For me it was the diagnosis of having Alzheimer’s disease.  Because of it, I was given something positive. That is the friendships I have made in my Alzheimer’s support group, the loving, caring responses of my family and close friends and more time in prayer talking to God.  These are the gifts.

And because of this I will continue to hug the friends in my group. Call them to see how they are doing. Share feelings, laugh and cry with them.  I will appreciate the strength of my husband, the laughter, tears, talks and love we share each day.  I will continue to Walk to End Alzheimer’s.  It is my purpose and hopefully I will be able to deliver another speech to give others with the disease the courage to carry on and continue to be the best they can be.

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~ Barbara Cheek Johnson is a journalist living with early-stage Alzheimer’s ~

NIH Grants Additional Funding for Alzheimer’s Research

Yesterday was incredible.  For those of you who haven’t heard, the National Institutes of Health (NIH) devoted over $40 million in new funding for Alzheimer’s Disease research!
Dr Francis Collins, Director of the NIH,who made a public commitment to this funding at the Alzheimer’s Association Advocacy Forum in Washington D.C . this past April,  was quoted in the New York Times and said, “The worst thing we could do would be to just hunker down and hold off tackling very important problems.”  He further added, “Obviously, this is high-risk research, but goodness, the stakes are so high that we felt we had to go forward even in the face of the most difficult budget environment that anyone can remember in the N.I.H.”

A major reason we are making this kind of progress is because of all the outstanding Alzheimer’s Association Advocates who are beating on the doors of elected officials, and because of the great work of our national staff in Washington.

Keep up the pressure, we are making some progress in very tough times!!!

I encourage you to read the entire New York Times article here:

http://www.nytimes.com/2013/09/19/health/33-million-grant-for-effort-to-prevent-early-onset-alzheimers.html?_r=0

Executive Director

Executive Director, Alzheimer’s Association of Southeastern Wisconsin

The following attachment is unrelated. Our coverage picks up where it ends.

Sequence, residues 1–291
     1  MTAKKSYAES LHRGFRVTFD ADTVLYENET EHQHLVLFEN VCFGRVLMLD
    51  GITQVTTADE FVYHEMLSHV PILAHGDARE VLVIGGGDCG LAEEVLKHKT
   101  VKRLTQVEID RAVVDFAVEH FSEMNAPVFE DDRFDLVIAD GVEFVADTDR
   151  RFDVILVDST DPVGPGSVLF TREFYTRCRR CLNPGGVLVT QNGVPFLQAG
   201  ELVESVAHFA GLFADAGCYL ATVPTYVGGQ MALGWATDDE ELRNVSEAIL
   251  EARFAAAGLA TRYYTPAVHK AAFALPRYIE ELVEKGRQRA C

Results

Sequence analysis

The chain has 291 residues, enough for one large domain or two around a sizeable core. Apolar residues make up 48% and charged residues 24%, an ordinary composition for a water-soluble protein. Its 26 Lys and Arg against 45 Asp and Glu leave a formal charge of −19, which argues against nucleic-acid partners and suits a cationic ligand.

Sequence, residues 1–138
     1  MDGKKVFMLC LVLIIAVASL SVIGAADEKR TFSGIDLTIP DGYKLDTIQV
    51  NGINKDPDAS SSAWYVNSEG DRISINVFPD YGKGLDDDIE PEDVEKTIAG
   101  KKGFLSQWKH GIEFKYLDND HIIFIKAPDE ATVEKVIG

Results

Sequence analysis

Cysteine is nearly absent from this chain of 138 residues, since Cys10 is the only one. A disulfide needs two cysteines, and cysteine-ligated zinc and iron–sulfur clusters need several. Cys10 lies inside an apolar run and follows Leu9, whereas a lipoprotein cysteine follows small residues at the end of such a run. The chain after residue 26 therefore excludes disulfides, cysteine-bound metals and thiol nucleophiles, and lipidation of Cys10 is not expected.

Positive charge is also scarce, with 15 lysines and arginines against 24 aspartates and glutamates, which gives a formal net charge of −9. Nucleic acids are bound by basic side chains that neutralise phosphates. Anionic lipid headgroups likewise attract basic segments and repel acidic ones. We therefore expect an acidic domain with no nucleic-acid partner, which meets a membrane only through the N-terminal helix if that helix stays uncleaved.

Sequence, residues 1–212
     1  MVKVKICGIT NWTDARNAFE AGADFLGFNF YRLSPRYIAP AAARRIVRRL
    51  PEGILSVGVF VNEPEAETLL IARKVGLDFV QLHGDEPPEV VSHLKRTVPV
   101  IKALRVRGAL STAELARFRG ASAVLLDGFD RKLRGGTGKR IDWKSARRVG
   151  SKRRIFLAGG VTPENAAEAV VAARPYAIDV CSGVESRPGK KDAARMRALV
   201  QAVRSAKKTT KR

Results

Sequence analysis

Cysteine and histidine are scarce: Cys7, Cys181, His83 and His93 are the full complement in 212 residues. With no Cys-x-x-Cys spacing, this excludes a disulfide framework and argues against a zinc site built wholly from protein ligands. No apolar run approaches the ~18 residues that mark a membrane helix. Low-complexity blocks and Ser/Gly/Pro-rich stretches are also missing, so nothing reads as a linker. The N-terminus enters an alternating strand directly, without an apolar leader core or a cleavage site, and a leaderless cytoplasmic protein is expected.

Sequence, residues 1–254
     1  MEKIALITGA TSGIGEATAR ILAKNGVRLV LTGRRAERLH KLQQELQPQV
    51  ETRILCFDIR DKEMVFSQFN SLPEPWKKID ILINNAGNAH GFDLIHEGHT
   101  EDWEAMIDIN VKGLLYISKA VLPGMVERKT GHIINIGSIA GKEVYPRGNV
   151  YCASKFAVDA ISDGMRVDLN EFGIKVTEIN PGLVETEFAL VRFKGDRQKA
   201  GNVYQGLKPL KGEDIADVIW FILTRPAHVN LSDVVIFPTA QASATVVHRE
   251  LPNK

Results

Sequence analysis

Barb’s Buzz – Walk… to End Alzheimer’s

I am a 66 year old woman living with Alzheimer’s disease I was diagnosed at the age of 65. Even though my Mother, Grandmother, Aunt and Great Aunts had the disease, I would sigh and makes excuses for what I called forgetfulness.

Do you want to know why?

It’s because there is an embarrassing stigma attached to one’s announcement of this disease.  People often pity the person with the disease, accept their forgetfulness, and just correct the person’s errors. It’s just plain, difficult to live with.

After some personal soul searching I decided that it is best to be honest and admit that I have the disease. I take my meds. Do my daily chores. Exercise and rest. Tend to my plants and flowers. Do the laundry. Clean the house and pull weeds.

I am still able to write a weekly column for the Kettle Moraine Index, blog, cook, read a book, watch a TV program, sit for my grandchildren, attend a weekly Bible study, visit with my mother-in-law at the nursing home, entertain family and friends with my husband, converse with friends and family.

I find that it is best to let friends and family know what you are living with.

And it’s o.k. to admit that you I need help.  I am very fortunate to have the support and understanding of my loving husband, family, friends and neighbors.

The best thing that has come out of this for my husband and I has been the help and support of the Alzheimer’s Association.  Our support group called “The Memory Makers” has been a wonderful experience. We have met and made a caring group of friends. It encompasses individuals living with Alzheimer’s and their spouses.

This year, “The Memory Makers” will be walking together as a team for the Walk to End Alzheimer’s in Milwaukee County. Family and friends are joining us. There is strength in numbers. You are also welcome to join our team.  And if you can’t walk, consider supporting our team effort through a donation. Together, we will raise awareness to help support the programs and funding for research with the hope upon hope upon hope to find a cure.  Please support us at http://tinyurl.com/q8sauqo

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~ Barbara Cheek Johnson is a journalist living with early stage Alzheimer’s disease~

Barb’s Buzz – Dedicate Yourself to a Cause

American writer and Lecturer Helen Keller said “When one door of happiness closes, another opens.  But often we look so long at the closed door that we do not see one which has been opened for us”.
When I was initially given  the diagnosis of having Alzheimer’s disease, I was in a terrible state of emotions, in denial, depressed, feeling hopeless.   I  realized that I wasn’t escaping this diagnosis after pondering about the women in my family who also lived and died with this depressing sentence that robs you of a normal existence and takes away your pride of self.
I cried and began to pray about it and came to the realization that we are all going to get something that will end our normal every day lives.   The diagnosis  actually turned into an opportunity for me to help others with the same diagnosis as mine.
I’ve turned it into a positive effort.  Look at it as  a way to cope with the stigma of having the disease.   Help the cause to find a cure.  Everyone should own a cause.
To stop pitting yourself.  Turn it into your cause.  t gives one an opportunity to give back.  And to realize to be thankful that you have family, friends, faith in God , Doctors, researchers and the human race.
With my cause, I have been and will be tested  for the sake of finding a cure and will form walks to raise awareness and funding to find a cure.
Turn it into your cause  for ourselves and our future generations.  Doing so will help others, future generations and help you feel better about yourself.
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~ Barbara Cheek Johnson is a journalist living with early-stage Alzheimer’s disease~